Ohlala, quelle histore! Ce film m'a vraiment frappée, donc il doit être forcement beau, car je me sens encore bouleversée par sentiments très différents tous à la fois: au début, une sorte de pitié pour un bande à part des gars se transforme en dégoût, et puis, en honte immense.«Fremdschämen» les allemands diraient pour exprimer l'embarras due à une action perpétrés par d'autres. Enfin, un accès de rage et désespoir.
There's a stunning confidence to this debut. What I found most impressive was the natural ease and rhythm of the piece through which Dumont manages to portray the monotonous provincial life in a way that never feels boring - to me these are cinematic virtues that are more important than the "extremity" aspects with which he is associated. He achieves a poetry yet does not compromise the exploration of human ugliness.
A director's first film contains everything they are ever interested in. At least in Bruno Dumont's case, whose first film perfectly captures the mundane, terrifying and spectacular experience of living. Dumont's pin-sharp direction, the gorgeous cinematography with its closeups and lush naturalism, an elliptical yet evocative narrative; all support the central idea that every day is a test, a search for grace.
It's always interesting and stimulating to see an established director's first feature in order to trace his/her progress as a filmmaker and author up to today; Bruno Dumont's first work is narratively simple but it successfully portraits the provinciality and boredom of everyday life within a gang of young friends; on a stylistical level, I found a few similarities with the Dardenne brothers in its approach. 3/5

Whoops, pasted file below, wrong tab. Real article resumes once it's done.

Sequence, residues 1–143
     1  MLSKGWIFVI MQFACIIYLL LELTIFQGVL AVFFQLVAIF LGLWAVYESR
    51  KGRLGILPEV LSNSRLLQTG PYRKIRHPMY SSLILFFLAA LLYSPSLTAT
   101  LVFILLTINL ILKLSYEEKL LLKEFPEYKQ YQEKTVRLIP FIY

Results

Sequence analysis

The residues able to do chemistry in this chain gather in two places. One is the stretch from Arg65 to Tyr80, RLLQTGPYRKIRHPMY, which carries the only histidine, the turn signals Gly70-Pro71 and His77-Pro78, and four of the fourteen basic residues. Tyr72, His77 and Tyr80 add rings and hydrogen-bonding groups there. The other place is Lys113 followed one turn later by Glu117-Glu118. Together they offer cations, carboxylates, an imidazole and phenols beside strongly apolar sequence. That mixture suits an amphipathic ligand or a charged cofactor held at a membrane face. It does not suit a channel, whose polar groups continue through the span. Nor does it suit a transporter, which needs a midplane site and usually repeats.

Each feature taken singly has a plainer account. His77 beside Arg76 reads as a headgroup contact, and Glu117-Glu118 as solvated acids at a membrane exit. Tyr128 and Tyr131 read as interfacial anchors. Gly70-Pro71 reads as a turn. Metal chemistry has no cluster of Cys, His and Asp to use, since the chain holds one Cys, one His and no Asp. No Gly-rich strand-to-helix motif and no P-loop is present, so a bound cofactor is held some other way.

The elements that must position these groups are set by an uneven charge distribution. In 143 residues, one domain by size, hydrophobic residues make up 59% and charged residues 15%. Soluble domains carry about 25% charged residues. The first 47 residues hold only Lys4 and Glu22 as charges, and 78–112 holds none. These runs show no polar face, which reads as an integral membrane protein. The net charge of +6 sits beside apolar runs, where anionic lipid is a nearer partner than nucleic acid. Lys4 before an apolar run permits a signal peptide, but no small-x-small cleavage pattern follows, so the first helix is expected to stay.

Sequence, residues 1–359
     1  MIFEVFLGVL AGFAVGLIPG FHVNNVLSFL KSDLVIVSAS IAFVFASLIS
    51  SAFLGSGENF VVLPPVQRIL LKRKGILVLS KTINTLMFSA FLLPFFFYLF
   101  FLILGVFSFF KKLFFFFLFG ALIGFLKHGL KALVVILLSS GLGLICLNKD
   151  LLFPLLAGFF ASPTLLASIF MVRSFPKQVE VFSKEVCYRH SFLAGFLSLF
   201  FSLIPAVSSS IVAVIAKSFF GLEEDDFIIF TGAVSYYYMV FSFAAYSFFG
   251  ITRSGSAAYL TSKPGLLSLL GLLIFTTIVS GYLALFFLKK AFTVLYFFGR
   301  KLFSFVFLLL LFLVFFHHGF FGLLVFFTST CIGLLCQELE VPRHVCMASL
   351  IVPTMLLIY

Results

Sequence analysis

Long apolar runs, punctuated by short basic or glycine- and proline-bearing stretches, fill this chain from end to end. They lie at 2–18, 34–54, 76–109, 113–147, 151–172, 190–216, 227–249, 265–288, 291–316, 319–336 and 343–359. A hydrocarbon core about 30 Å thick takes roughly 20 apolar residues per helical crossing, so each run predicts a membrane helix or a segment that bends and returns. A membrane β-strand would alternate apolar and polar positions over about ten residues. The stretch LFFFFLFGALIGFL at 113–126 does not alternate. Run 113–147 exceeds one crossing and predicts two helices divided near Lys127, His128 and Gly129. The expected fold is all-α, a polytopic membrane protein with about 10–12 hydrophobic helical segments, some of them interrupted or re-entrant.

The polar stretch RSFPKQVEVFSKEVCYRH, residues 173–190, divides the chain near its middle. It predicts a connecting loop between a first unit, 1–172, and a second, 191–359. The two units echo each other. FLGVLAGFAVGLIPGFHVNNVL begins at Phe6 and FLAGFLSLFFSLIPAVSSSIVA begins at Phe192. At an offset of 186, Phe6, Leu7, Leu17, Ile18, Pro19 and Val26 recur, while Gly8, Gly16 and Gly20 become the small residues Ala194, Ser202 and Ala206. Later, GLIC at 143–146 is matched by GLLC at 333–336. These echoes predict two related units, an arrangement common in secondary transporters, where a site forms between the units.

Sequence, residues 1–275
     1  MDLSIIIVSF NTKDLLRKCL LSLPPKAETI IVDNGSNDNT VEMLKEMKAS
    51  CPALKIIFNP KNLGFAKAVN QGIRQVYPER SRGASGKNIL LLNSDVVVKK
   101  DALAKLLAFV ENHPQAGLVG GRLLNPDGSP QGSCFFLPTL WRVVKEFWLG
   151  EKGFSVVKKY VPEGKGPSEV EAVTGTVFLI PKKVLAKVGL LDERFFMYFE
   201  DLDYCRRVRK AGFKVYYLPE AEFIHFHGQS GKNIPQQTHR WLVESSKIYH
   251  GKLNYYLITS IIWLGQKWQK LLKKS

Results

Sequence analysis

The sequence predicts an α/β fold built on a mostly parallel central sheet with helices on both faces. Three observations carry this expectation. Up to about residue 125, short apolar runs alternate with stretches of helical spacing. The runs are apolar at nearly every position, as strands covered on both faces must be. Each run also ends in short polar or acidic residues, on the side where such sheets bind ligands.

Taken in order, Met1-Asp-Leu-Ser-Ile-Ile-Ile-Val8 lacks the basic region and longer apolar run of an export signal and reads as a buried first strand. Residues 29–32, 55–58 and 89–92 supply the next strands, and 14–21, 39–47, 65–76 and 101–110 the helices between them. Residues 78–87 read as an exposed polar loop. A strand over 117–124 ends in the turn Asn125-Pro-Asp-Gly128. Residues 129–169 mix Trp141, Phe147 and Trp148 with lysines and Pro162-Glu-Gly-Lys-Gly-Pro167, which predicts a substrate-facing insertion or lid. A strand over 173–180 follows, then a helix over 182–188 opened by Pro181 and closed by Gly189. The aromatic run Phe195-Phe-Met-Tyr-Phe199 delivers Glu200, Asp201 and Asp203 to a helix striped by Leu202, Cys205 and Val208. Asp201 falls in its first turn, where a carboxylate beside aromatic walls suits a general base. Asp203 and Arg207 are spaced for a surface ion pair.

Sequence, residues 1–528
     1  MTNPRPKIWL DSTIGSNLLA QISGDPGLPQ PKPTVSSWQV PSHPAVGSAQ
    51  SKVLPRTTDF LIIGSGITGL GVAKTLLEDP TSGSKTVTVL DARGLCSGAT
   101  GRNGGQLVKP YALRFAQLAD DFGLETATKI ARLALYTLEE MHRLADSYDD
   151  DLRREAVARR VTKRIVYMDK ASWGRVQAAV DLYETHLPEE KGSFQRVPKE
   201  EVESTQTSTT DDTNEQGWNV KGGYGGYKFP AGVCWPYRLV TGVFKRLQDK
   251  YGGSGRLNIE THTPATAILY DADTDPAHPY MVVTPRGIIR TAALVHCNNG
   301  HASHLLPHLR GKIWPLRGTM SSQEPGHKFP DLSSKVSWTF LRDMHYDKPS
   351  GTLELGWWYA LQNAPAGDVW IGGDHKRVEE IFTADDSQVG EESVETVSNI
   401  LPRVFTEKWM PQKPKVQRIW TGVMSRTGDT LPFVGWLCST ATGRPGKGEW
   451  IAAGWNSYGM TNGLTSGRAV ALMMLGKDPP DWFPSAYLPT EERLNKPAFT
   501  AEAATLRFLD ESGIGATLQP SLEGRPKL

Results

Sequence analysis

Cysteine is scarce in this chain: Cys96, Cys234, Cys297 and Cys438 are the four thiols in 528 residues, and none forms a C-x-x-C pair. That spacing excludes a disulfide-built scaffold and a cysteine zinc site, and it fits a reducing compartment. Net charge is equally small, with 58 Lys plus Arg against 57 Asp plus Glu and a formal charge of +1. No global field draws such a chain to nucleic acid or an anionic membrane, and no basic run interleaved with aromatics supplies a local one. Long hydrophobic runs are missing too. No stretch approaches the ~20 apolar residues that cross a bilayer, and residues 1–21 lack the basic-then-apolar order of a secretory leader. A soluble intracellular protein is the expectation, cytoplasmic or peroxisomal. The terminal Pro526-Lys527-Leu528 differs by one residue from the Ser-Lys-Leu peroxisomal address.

A mesmerising debut, almost polished in comparison to his later works while featuring all of the elements later used in varying degrees. The actions of the characters are brutal but Dumont colours them into three dimensions, showing us motive without justifying the action. He begins his career here by carrying on the path of British directors like Alan Clarke by providing an unbiased voice for the underclass.
This is a brilliant introduction to Dumont's cinematic experience and his other movies such as Flandres, Humanity or 29 Palms. Realistic gospel-style drama with non-professional actors, full of character, and deep psycho-analysis of life in northern French rural provincial town with wider social reflections on unemployment, immigration and sexuality in bucolic naturalistic surrounding.
Some impressively raw central performances help to make this drama an interesting and occasionally mesmerising watch. It could have done with something extra in the mix (perhaps a stronger sense that some of the main characters may be putting themselves in a dangerous situation) but this is an assured debut from writer-director Bruno Dumont.
Dumont explores with bradycardia and parsimony and a great deal of compassion the phenomenon of the millenial NEETs, or yobs if you prefer. Despite the film's uncomfortable simplicity and aparent lack of ambition there lies within its soporific cadence a reportedly non-judgemental but still strongly political, philosophical and humanistic allegation against these our conflicting and globalised societies.
Truly beautiful and gripping piece of filmmaking. The first film i have seen by Bruno Dumont has left me full of excitement to watch more. I felt like sorry for the mundane and slow existence lead by the main characters. Bringing back memories of my own childhood despite being a world away.
Feels properly in line with the existential youth-tinted angst of the new wave, and Dumont's level of detachment, searching for grace in a place crippled by miserabilist depravity and racial tension, is infrequently brutal. Probably as essential as La Haine as far as the late nineties renaissance of French social realism goes.